A senior Pakistani government source said that those negotiations were not always straightforward, as the Taliban had expressed concern over Pakistan facilitating the exit of Afghan citizens.
“The situation is that the Taliban leadership, they know there are groups who the [rank and file] fighters may not accept,” said the source, who spoke on condition of anonymity because they were not authorised to discuss the issue with the media.
“Our problem is that a lot of people who came out through Pakistan, there was resentment [from the Taliban] that we were actively evacuating Afghans.”
More than 100,000 Afghans and foreigners were evacuated by the United States and other countries before US-led NATO forces withdrew from the country after 20 years of war following their invasion in 2001.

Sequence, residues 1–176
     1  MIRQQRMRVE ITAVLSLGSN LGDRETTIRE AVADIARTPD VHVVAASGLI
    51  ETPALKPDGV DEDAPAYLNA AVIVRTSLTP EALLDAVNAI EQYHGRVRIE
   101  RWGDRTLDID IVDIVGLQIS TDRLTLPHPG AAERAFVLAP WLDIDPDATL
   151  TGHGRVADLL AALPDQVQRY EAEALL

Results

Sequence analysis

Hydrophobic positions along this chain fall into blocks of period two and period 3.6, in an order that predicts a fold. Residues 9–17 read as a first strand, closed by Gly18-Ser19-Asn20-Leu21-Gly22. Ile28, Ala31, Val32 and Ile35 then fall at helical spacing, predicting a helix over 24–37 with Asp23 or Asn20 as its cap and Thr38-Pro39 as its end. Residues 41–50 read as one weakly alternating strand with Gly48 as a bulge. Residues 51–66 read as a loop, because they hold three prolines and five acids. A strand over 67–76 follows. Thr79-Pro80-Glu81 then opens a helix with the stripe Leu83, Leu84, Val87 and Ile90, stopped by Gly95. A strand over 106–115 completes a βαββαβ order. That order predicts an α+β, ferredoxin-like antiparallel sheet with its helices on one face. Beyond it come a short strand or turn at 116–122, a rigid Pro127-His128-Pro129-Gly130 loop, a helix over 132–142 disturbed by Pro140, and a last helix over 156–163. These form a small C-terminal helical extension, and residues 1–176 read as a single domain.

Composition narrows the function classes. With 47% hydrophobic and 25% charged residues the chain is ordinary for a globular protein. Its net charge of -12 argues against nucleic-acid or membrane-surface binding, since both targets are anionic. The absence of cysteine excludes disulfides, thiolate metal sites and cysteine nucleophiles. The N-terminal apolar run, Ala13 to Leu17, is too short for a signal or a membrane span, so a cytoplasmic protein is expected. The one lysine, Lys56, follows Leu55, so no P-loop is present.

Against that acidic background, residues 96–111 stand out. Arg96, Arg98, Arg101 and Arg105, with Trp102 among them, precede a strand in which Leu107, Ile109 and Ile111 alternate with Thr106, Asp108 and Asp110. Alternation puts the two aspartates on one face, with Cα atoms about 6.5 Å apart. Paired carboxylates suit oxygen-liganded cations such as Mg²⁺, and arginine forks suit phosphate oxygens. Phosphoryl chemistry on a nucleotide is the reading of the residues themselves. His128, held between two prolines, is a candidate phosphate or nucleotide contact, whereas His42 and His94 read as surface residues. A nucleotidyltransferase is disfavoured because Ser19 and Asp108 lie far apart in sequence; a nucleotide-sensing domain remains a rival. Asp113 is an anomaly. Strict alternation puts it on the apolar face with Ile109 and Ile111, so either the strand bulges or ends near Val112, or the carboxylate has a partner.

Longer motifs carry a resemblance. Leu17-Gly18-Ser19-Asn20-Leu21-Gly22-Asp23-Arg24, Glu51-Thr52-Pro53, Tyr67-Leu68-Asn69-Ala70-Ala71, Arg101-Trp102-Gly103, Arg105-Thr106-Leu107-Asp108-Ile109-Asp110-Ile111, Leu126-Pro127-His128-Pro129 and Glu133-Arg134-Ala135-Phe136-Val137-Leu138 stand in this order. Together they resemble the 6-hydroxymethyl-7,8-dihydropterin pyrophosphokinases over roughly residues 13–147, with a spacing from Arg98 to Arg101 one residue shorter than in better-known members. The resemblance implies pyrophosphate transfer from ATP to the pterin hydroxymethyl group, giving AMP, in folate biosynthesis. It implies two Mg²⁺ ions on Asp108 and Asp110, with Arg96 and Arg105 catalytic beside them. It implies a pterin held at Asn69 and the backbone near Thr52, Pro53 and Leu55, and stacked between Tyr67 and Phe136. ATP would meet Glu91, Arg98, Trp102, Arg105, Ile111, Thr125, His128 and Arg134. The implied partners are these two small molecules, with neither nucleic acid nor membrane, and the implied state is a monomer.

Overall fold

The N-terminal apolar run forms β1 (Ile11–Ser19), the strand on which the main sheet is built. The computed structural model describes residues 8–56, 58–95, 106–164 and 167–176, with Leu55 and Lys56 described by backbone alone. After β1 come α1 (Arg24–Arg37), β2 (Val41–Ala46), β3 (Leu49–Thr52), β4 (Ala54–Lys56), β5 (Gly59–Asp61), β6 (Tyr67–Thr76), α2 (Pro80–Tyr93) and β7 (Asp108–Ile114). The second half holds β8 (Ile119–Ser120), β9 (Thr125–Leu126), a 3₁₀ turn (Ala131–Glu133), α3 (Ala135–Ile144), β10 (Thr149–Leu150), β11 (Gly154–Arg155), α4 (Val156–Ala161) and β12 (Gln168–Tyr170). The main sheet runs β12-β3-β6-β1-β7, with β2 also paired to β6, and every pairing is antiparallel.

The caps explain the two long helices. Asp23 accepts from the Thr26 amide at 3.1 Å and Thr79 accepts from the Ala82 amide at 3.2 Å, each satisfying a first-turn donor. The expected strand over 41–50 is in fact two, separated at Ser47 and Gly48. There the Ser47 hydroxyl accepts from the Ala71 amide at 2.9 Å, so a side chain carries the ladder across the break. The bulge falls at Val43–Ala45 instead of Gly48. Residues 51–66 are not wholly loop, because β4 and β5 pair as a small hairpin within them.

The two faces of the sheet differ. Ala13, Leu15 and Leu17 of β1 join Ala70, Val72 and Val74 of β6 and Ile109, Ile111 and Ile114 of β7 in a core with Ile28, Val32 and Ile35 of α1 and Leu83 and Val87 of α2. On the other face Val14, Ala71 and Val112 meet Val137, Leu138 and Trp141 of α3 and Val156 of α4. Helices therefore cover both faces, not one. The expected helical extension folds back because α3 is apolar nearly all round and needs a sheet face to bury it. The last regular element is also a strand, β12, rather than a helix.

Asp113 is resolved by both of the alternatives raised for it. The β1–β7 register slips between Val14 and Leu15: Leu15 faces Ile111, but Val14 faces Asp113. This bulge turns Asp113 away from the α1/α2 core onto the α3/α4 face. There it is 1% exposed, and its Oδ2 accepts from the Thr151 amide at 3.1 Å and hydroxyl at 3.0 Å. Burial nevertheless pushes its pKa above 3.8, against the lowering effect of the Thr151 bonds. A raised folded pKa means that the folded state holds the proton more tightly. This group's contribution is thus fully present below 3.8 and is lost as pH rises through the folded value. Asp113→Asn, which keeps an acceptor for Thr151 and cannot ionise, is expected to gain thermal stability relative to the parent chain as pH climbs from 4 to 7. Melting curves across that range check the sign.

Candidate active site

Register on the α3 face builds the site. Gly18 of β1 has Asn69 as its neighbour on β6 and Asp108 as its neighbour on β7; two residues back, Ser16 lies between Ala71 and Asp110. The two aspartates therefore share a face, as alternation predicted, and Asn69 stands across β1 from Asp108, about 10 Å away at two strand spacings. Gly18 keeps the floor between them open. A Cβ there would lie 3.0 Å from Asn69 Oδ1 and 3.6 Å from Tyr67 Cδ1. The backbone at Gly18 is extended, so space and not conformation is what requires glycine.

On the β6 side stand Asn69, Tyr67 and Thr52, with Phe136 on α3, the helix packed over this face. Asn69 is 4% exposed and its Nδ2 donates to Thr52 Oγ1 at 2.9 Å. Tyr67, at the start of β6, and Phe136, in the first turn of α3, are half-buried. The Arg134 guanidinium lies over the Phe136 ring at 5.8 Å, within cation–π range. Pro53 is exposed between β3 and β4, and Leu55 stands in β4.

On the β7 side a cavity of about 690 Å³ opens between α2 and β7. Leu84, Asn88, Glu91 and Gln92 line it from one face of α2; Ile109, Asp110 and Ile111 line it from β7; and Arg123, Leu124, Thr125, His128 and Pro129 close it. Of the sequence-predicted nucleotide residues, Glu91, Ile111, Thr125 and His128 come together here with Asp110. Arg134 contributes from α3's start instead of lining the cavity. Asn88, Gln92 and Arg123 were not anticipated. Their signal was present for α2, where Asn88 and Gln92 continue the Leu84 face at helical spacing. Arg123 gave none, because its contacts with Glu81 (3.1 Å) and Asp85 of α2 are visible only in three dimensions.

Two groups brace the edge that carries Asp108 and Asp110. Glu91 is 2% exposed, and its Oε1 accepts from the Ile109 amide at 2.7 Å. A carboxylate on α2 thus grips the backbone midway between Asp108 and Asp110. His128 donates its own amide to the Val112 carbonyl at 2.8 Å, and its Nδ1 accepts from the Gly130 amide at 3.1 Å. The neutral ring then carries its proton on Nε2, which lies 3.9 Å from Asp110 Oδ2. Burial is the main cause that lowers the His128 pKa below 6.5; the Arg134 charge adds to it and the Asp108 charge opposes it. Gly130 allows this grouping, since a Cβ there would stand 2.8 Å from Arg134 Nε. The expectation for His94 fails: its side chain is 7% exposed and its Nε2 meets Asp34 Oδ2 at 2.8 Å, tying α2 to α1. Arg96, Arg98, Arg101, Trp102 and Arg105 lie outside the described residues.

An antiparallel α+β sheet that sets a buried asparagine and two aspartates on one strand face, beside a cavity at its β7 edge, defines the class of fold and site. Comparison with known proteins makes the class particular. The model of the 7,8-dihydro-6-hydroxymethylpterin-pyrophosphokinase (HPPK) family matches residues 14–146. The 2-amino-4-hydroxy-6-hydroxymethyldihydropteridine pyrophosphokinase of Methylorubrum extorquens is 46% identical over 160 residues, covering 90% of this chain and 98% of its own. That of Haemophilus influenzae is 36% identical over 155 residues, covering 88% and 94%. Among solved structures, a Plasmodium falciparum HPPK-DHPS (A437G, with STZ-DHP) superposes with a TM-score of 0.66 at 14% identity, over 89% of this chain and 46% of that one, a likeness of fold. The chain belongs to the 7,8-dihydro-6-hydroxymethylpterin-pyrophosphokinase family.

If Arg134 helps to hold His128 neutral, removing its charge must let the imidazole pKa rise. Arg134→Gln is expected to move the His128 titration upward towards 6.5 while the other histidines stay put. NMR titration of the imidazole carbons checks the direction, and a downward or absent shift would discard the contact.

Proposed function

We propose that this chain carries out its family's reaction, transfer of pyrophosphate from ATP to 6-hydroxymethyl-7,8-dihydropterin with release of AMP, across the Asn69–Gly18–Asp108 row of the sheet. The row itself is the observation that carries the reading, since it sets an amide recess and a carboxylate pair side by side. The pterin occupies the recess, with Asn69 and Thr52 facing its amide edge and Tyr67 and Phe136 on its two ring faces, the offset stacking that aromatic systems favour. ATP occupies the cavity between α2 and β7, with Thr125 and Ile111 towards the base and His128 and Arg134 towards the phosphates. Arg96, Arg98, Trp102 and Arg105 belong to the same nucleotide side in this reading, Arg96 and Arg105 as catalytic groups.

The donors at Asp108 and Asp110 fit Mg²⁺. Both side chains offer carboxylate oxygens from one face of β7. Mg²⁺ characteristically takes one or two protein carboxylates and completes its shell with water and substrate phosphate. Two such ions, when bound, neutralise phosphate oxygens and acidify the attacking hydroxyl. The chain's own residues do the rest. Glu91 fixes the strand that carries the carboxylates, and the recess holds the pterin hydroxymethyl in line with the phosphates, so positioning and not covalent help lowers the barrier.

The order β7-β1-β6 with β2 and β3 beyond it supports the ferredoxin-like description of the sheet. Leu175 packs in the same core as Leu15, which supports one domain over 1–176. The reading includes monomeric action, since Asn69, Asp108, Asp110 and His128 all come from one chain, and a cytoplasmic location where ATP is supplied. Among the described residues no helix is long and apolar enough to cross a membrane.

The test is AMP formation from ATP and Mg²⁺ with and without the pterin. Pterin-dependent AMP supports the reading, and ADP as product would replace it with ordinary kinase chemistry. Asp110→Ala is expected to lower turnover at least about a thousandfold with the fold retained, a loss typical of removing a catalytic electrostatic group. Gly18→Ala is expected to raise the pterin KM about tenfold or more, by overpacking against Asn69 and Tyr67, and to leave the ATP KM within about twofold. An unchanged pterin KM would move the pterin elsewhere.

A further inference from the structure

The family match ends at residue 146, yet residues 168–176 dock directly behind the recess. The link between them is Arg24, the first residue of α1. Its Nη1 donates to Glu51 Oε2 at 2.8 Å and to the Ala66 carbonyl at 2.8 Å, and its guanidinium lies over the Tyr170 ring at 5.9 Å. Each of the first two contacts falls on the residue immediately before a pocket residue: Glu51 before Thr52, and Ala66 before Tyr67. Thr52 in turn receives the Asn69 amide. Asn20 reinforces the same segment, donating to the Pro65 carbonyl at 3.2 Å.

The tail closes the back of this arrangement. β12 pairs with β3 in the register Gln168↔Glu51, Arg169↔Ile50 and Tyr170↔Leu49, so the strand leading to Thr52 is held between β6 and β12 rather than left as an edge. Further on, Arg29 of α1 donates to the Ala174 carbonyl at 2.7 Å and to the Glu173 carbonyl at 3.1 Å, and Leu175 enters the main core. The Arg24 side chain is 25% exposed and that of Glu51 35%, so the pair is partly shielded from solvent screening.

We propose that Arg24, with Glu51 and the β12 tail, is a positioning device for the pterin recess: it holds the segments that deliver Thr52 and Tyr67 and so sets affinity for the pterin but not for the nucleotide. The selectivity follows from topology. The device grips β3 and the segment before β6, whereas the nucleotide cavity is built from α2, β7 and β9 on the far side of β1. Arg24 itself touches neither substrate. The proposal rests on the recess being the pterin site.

The UNHCR’s office in Pakistan has said it has so far “not observed large-scale displacement of Afghans to neighbouring countries”.
“Pakistan has always supported those in need of protection,” said Qaiser Khan Afridi, UNHCR’s spokesperson in Pakistan.
“We reiterate and appeal that those seeking international protection must not be returned to their country of origin where their lives or freedom would be in danger on account of their race, religion, nationality, membership of a particular social group or political opinion, or from generalised violence.”
Roots of rejection
While several theories have been put forward for the Taliban’s general opposition to music – particularly instrumental music – in Afghanistan, ethnomusicologists are divided on where the rejection stems from.